WUSTL Image

Above is electron microscope image of one of the *Stardust* impact craters in aluminum foil. The diameter of the crater is 140 micrometers (=1/7 of a millimeter = 1/200 of an inch). There is small debris at the bottom and on the rim of the crater that is leftover residue from the comet particle that impacted at approximately 14,000 miles per hour. This is not the crater where Stadermann's team found the *Stardust* particle, but it is a fairly typical impact crater.

"When we made the discovery of the stardust grain in the comet sample we were very excited, and we immediately knew that this little particle, although it is only 1/100,000 of an inch in diameter, would be one of the most important findings of the comet dust analysis," said Stadermann.

"This discovery proves that comets comprise dust grains from outside the solar system in addition to the many other components that were formed inside the solar system," he continued.

"The fact that these very different ingredients survived side-by-side in the comet shows how well the material was preserved in this 'cosmic freezer' for the last 4.5 billion years."

"NASA picked the name 'Stardust' for this mission many years ago," Stadermann noted. "Only because of our measurement here at Washington University we now know that the comet really does contain true stardust."

Scientists hope the Stardust findings will provide answers to fundamental questions about comets, the origin of the solar system and possibly even the origin of life itself.

This discovery complements ongoing research in Washington University's Laboratory for Space Sciences, which is part of the departments of Physics and of Earth and Planetary Sciences and the McDonnell Center for the Space Sciences, all in Arts & Sciences.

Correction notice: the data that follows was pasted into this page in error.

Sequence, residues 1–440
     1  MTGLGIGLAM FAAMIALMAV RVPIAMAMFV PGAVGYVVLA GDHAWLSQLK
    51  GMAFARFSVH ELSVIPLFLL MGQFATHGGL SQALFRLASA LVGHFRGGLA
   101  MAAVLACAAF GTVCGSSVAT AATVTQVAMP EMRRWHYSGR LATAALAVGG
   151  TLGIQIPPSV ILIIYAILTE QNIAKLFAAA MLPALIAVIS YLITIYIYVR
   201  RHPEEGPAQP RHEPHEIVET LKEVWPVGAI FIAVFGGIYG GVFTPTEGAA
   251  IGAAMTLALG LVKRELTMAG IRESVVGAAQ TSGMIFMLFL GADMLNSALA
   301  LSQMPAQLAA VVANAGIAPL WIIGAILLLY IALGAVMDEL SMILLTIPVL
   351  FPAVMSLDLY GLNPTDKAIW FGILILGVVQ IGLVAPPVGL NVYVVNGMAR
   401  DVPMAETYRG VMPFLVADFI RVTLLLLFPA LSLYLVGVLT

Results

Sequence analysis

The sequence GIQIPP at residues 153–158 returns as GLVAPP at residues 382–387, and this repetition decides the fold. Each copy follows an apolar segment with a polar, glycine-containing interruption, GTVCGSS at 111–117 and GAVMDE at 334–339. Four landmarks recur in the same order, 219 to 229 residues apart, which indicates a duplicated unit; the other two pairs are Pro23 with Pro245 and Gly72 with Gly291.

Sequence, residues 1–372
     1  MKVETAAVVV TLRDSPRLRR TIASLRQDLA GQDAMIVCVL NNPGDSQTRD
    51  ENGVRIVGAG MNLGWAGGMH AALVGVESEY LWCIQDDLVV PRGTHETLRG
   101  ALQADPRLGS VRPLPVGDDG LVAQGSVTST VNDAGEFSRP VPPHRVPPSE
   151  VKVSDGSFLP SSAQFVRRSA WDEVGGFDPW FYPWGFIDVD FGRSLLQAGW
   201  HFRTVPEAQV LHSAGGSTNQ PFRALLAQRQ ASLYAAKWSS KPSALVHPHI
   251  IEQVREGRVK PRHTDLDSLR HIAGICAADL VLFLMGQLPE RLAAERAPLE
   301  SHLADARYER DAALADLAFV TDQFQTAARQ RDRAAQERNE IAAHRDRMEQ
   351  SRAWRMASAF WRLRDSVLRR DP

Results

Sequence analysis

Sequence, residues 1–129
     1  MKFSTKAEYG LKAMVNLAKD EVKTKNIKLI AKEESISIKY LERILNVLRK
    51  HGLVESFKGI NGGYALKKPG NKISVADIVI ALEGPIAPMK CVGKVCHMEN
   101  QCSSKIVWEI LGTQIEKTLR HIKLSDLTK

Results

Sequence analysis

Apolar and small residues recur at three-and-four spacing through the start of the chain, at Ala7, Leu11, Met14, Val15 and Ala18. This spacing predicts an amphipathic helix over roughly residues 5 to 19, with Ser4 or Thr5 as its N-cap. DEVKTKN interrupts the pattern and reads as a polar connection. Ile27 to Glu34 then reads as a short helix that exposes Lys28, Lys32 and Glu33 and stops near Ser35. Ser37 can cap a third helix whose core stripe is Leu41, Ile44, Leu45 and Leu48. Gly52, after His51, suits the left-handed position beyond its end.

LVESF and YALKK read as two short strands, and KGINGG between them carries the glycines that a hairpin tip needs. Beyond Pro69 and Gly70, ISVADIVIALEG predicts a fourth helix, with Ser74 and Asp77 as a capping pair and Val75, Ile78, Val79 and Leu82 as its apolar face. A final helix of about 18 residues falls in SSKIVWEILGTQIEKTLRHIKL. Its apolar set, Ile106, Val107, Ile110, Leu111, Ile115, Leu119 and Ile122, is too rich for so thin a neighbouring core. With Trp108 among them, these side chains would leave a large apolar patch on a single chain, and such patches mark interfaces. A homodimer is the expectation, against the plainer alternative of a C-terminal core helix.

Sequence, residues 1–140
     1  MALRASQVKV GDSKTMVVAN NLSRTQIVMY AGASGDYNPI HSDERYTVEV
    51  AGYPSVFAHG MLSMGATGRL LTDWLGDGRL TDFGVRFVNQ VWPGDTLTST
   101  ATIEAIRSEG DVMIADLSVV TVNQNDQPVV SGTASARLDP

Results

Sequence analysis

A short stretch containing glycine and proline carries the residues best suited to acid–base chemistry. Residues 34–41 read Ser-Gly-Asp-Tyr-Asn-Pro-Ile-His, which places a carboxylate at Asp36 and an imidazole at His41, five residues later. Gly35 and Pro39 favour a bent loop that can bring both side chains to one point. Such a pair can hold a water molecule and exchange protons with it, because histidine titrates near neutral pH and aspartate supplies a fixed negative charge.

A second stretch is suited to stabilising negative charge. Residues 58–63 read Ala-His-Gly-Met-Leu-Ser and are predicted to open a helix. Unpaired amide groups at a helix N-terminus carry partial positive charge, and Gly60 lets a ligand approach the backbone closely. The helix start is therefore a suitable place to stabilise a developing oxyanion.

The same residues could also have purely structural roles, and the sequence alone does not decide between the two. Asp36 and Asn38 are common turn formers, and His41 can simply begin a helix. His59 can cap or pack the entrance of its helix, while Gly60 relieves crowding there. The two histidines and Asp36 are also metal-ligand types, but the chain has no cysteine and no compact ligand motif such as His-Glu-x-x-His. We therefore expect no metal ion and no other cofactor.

"We certainly have a lot of expertise in analyzing small grains," said Zinner about the Laboratory for Space Sciences research group. "We have worked on interplanetary dust particles since the late seventies and have been involved in the discovery of many types of presolar grains — 'stardust' in the literal sense — since 1987."

In 1987, Zinner and colleagues at Washington University and a group of scientists at the University of Chicago found the first stardust in a meteorite. Those presolar grains were specks of diamond and silicon carbide.

Since then, members of WUSTL's space sciences lab have played leading roles in analyzing these grains in the laboratory and interpreting the results.

"With the NanoSIMS, we have an instrument that is ideally suited to the analysis of such grains," Zinner added.

"The finding of stardust in meteorites and now comets gives us information about the early solar system," Zinner continued. "The parent bodies of primitive meteorites (asteroids) formed in different places, closer to the sun, than comets, which formed farther away. The preservation of stardust in both types of solar system bodies tells us something about their formation history. However, at present we have evidence for only one stardust grain in cometary material, making it a little early to make far-reaching conclusions."

"The preliminary examination of the comet samples is only the first step and it is clear that we will continue to study such samples for years to come," added Floss. "There are so many questions about the early solar system for which the answers are still hidden in these tiny dust particles."

MEDIA CONTACTS
Susan Killenberg McGinn
Executive Director of University News Service
(314) 935-5254; (314) 603-6008 (cell)
smcginn@wustl.edu